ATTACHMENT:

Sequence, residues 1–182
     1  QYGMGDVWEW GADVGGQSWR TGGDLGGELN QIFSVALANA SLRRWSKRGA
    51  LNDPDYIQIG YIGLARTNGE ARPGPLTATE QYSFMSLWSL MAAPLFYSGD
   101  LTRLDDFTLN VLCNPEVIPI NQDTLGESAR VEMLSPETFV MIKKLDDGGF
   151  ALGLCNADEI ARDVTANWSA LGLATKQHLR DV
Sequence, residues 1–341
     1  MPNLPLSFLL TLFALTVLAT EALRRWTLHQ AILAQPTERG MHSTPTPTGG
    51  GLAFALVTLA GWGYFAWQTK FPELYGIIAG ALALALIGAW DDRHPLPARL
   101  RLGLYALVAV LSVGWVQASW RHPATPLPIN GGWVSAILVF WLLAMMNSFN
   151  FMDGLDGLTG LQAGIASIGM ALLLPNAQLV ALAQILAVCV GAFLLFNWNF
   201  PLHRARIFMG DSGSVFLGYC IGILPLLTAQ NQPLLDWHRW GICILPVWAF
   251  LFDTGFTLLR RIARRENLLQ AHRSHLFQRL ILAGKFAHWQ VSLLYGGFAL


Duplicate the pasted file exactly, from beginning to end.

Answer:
Sequence, residues 1–182
     1  QYGMGDVWEW GADVGGQSWR TGGDLGGELN QIFSVALANA SLRRWSKRGA
    51  LNDPDYIQIG YIGLARTNGE ARPGPLTATE QYSFMSLWSL MAAPLFYSGD
   101  LTRLDDFTLN VLCNPEVIPI NQDTLGESAR VEMLSPETFV MIKKLDDGGF
   151  ALGLCNADEI ARDVTANWSA LGLATKQHLR DV
Sequence, residues 1–341
     1  MPNLPLSFLL TLFALTVLAT EALRRWTLHQ AILAQPTERG MHSTPTPTGG
    51  GLAFALVTLA GWGYFAWQTK FPELYGIIAG ALALALIGAW DDRHPLPARL
   101  RLGLYALVAV LSVGWVQASW RHPATPLPIN GGWVSAILVF WLLAMMNSFN
   151  FMDGLDGLTG LQAGIASIGM ALLLPNAQLV ALAQILAVCV GAFLLFNWNF
   201  PLHRARIFMG DSGSVFLGYC IGILPLLTAQ NQPLLDWHRW GICILPVWAF
   251  LFDTGFTLLR RIARRENLLQ AHRSHLFQRL ILAGKFAHWQ VSLLYGGFAL